CRNI Executive Director Terry Anderson interview with Equatorial Guinean graphic novelist Ramón Nsé Esono Ebalé, aka Jamón y Queso, winner of our annual Courage in Cartooning Award in 2017 and currently one of our Regional Representatives with responsibility for Central Africa.
Ramón describes the very specific conditions for satirists in E.Guinea and the circumstances that lead to his arrest, trial and imprisonment on wholly bogus charges of counterfeiting.
This interview was conducted in 2020, in the midst of the coronavirus pandemic; at that time CRNI expressed deep concerns about the future of cartooning. This forms part of a series of testimonies intended to help illustrate CRNI’s work in support of threatened cartoonists.
Ramón, our award is often given to editorial cartoonists but you are a graphic novelist producing long-form satirical work. Can you tell us a little about your career?
My passion was always drawing in all its various formats and means of presentation. So when I started to leave behind drawing simply to have fun and entertain myself, I began to understand that drawing can serve to communicate with people. I began to seek out such work and among those people that seemed best at communicating were cartoonists and comic book artists. Comics are what I like most because they can tell stories with a fuller and more pleasing narration. But cartoons came first, and began with an invitation to publish in the national newspaper LA VERDAD del CPDS. The success of these early cartoons encouraged me to continue, and others were then looking for me as a cartoonist. A Spanish comrade was protesting our dictatorial regime and founded the LOCOStv blog. That blog became a conduit for my “eschatological cartoons”. It already existed before I stated work on the “OBI’S NIGHTMARE” comic. That comic, I believe, is why I eventually went to prison. The Equatorial Guinean regime certainly managed to censor LOCOStv after five years of daily coverage.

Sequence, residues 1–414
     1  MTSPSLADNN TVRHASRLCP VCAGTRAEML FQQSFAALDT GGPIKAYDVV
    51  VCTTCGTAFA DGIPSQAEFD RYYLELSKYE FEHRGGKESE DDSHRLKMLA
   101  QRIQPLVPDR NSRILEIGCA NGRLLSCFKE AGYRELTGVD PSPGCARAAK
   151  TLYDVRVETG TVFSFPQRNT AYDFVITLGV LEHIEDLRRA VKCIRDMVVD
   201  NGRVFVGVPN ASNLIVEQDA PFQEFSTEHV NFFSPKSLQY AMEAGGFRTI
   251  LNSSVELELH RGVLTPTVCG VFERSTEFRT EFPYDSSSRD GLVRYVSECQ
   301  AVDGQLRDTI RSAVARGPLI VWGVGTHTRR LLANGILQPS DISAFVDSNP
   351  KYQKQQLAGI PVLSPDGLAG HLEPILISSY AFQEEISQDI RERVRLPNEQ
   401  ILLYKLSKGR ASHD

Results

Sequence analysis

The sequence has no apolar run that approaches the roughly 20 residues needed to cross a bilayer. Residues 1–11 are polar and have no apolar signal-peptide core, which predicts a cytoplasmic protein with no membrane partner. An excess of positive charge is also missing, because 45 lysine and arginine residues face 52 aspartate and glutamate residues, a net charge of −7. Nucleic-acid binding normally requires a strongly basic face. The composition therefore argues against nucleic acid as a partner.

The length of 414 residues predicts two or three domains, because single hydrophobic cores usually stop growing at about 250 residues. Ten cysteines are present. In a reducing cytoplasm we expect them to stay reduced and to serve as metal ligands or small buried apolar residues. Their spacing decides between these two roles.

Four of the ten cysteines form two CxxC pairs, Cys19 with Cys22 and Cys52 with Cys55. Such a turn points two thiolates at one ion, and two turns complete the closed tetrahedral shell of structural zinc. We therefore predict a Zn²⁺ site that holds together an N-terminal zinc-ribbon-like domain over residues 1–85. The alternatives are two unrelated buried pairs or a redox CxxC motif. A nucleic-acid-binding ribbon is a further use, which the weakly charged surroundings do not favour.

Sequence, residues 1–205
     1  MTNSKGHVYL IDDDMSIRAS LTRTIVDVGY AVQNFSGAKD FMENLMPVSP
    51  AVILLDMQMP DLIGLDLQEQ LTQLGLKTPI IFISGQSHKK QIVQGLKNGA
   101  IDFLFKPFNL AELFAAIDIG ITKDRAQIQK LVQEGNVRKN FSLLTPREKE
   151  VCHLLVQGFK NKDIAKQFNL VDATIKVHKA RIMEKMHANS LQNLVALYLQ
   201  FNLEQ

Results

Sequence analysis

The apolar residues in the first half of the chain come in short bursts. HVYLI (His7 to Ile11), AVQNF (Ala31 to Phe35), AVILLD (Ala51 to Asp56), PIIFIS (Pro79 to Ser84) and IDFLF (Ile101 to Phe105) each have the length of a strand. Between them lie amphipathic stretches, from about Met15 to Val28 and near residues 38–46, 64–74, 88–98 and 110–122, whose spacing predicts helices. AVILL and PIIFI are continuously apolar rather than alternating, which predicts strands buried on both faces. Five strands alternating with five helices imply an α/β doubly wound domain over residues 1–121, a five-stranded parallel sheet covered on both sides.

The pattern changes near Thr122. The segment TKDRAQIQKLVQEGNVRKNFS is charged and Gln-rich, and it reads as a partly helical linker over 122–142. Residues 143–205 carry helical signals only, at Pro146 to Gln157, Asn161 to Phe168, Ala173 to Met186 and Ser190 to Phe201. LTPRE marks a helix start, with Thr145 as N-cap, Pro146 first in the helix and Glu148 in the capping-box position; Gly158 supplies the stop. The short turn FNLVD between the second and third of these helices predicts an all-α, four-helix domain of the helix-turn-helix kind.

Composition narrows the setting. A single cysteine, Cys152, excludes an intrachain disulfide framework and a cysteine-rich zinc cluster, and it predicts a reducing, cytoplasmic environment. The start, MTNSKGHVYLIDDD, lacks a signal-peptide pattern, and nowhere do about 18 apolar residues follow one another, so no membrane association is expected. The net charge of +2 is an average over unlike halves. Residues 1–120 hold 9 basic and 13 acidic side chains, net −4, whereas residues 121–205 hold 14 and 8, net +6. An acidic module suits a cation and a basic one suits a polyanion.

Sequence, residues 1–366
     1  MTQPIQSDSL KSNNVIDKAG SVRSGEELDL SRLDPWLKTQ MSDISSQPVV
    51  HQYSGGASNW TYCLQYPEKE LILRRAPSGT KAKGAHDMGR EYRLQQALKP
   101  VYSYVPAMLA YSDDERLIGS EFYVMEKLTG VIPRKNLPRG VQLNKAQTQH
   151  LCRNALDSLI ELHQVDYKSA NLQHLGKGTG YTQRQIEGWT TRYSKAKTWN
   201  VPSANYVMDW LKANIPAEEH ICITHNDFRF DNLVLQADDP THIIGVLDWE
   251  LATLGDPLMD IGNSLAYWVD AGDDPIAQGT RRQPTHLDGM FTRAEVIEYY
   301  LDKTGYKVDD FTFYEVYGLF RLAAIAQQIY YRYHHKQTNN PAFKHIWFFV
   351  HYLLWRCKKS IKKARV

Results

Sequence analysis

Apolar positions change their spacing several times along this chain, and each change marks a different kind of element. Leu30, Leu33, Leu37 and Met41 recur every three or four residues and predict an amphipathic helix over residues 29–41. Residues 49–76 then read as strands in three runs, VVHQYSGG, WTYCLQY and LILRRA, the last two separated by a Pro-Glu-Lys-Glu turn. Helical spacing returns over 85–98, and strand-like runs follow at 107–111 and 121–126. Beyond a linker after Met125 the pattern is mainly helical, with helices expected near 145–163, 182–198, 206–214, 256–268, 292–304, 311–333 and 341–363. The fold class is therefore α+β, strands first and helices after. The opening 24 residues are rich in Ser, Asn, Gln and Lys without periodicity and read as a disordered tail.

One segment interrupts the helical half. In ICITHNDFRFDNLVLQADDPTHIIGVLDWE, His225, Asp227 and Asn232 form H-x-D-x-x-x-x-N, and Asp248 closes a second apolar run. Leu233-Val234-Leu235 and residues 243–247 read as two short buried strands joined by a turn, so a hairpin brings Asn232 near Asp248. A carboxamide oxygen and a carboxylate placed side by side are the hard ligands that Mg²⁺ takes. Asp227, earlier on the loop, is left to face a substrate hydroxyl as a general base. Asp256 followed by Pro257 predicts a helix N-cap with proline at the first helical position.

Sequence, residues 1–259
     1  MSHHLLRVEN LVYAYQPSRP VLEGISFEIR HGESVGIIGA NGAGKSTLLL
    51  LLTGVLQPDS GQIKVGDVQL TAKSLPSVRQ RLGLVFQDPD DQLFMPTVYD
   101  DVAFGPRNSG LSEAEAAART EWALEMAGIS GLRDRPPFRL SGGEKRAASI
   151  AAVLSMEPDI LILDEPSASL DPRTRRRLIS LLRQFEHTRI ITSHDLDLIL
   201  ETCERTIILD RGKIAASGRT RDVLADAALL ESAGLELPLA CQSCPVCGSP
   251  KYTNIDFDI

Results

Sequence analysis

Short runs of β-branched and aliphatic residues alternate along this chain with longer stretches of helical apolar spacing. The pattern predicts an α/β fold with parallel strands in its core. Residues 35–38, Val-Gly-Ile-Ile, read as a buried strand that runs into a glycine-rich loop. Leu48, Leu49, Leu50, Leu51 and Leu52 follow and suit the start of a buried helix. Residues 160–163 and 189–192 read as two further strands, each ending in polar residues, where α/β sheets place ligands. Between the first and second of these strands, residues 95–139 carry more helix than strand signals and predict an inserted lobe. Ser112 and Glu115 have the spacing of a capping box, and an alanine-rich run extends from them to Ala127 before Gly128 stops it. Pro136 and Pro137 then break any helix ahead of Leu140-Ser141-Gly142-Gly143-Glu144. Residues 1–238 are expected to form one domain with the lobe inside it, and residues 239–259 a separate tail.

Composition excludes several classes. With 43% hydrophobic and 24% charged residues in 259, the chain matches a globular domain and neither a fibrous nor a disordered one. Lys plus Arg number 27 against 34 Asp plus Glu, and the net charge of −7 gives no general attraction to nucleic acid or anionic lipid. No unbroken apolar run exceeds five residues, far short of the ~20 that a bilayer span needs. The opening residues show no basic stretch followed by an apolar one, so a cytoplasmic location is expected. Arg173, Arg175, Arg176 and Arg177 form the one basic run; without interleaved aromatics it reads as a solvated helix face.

Describe the circumstances in Equatorial Guinea under President Obiang, Africa’s longest-serving head of state.
Corruption and tribal ethnic control, enabled by world powers, that does not hesitate to prop up a political garbage pile. The current circumstances are difficult to explain. There are too many lobbying on behalf of the regime to outsiders and supranational bodies like OAU. Many critics only want the same power as Obiang, and would use it to the same ends. Which means that the voices of true resistance can only achieve breathers [temporary relief], not lasting change, even after fifty years.
Rather than any particular cartoon, you were jailed on charges of counterfeiting. What happened?
“Rather” is an interesting word. You see, they did show me cartoons while I was held in “Guantanamo de MALABO”. These LOCOStv cartoons were very demeaning and dismissive of the dictator. And they triggered strong reactions when put out to the public over the blog. I have all the originals, still. But eventually they accused me of money laundering and counterfeiting, even while they continued to ask me about the LOCOStv drawings. The accusation of counterfeiting and laundering was gross and clumsy. But it served its purpose, to keep me in the penal system and then on to Black Beach Prison for six months followed by three months of waiting for my documents back. Nine months of curtailed freedom in total, and all simply for making LOCOStv popular.